Pakistan: Attack On The House Of Journalist
Pakistan: Intelligence Agency Officials Should Be Brought Before The Law For The Attack On The House Of A Prominent Journalist
It is evident by recent events that the state intelligence agencies remain above the law and are spending more time and resources on monitoring freedom of expression rather than doing their professional duties. In a recent incident the house of a journalist, Mr. Kamran Shafi, was attacked in late night hours with small arms fire. Mr. Kamran was very critical of the role of the ISI, a notorious intelligence agency of the military. He has been writing columns against the military and its influence over the civilian leadership of the country.
This latest incident happened in Wah, Punjab province, between the nights of November 27 and 28, when Kamran with his wife and daughter went to celebrate the Eid festival. His house was fired upon six times by a high velocity firearm, probably a Kalashnikov, which left half-inch deep and two-inch across holes in the concrete wall of the bedroom.
Journalists continue to be attacked by the state intelligence agencies, run by the armed forces and the Pakistani media continues to suffer unofficial censorship from the intelligence agencies. (http://material.ahrchk.net/pakistan/AHRC-STM-237-2009.ppt) The Inter Services Intelligence (I.S.I.) and Military Intelligence (M.I) determine what is in national interests and what is not. Sometimes, intelligence officers visit media offices to keep their influence on the media. During 2009 intelligence officers have prevented the media offices from publishing independent news from the areas under military operations against the Taliban and other militant groups. Even, the FM radios were stopped through the Pakistan Electronic Media Regulatory Authority (PEMRA) from broadcasting the BBC Urdu service which was airing interviews of local people from the war zone areas.
The intelligence agencies are so powerful in the country that they do not want to come under the control of civilian authorities. In August 2008 the ISI was placed under the control of the Ministry of Interior. There was uproar against this and within some days the prime minister had to rescind the order.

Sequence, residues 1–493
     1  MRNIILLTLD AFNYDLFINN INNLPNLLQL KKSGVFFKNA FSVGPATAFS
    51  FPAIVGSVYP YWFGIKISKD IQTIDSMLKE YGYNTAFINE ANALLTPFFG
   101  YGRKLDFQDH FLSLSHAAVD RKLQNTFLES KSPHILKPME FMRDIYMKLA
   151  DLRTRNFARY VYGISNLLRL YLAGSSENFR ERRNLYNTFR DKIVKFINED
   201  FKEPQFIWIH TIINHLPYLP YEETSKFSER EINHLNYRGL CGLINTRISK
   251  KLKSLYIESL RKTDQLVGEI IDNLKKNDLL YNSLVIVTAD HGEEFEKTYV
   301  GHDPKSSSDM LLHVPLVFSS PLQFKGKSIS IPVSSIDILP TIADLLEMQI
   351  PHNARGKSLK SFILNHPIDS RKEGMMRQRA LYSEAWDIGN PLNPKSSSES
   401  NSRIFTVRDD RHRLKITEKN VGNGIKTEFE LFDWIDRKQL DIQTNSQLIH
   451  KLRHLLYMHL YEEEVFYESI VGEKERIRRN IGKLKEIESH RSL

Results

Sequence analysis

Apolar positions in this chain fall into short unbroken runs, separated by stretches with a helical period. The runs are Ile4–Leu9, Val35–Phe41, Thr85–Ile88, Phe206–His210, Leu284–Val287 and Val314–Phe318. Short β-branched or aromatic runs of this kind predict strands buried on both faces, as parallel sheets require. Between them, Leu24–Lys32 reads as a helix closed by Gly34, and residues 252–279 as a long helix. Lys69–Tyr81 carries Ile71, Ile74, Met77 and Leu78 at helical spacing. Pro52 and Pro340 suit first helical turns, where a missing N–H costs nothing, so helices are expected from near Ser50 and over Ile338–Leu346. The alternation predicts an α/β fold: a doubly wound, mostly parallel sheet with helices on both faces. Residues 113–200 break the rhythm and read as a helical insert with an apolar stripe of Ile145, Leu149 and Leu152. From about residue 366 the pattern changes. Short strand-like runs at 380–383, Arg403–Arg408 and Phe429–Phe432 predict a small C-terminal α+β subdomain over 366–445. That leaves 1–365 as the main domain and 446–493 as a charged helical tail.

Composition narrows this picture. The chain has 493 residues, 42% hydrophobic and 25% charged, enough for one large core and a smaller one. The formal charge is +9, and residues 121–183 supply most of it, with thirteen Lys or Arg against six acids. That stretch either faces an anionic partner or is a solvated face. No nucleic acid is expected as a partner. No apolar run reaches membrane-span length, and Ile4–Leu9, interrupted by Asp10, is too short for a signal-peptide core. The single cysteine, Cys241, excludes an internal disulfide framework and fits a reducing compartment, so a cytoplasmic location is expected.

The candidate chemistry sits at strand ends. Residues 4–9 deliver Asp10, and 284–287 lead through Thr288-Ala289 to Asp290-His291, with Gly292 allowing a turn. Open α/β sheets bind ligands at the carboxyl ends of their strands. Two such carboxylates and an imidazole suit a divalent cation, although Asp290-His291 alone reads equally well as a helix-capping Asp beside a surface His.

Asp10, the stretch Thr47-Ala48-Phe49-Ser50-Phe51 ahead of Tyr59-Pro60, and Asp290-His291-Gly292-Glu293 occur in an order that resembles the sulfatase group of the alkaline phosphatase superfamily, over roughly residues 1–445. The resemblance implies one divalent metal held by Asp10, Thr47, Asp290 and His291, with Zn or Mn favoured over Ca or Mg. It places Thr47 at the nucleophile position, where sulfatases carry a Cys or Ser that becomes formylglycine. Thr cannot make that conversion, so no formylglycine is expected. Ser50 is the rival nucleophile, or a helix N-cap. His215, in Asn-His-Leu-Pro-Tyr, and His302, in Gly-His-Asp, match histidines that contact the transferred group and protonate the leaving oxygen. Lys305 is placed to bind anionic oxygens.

In the case of Mr. Kamran Shafi the ISI and other intelligence agencies were not happy when he wrote articles as to why the ISI should not be in civilian control in his regular Daily Dawn column. He immediately received emails containing filthy language. After the incident of firing at his house, the next day, Kamran received a telephone call in a female voice with the threat that what had happened to him last night was just the ‘trailer’ and that the complete movie would also be shown. She said, ‘One does not spit in the plate one eats from’, and that if he was not careful about what he writes he would soon see the complete movie.
Still, no action has been taken by the authorities even after he registered his complaint in the Wah Cantonment police station, bearing FIR number 827, and had mentioned that he suspects attack was from an agency. No further progress was made as it is difficult for the civilian authorities to probe the crimes of the intelligence agencies. The power of the intelligence agencies can be seen in the attitude of the judges of the higher judiciary that after their restoration through a call of chief of army staff, they are not asking the intelligence agencies for the recovery of the disappeared persons which the judiciary had been doing before its termination by a military dictator.
The Asian Human Rights Commission urges the prime minister to take the serious notice of the attack at the house of a columnist who was critical of the role of the intelligence agencies which act independently of the law. If proper action is not taken by the civilian government then there are chances that intelligence agencies will take it as weakness of the government and can harm Kamran Shafi or his family members. The government should bring the responsible officers of the ISI to trial for attacking the house of a prominent journalist.
About AHRC: The Asian Human Rights Commission is a regional non-governmental organisation monitoring and lobbying human rights issues in Asia. The Hong Kong-based group was founded in 1984.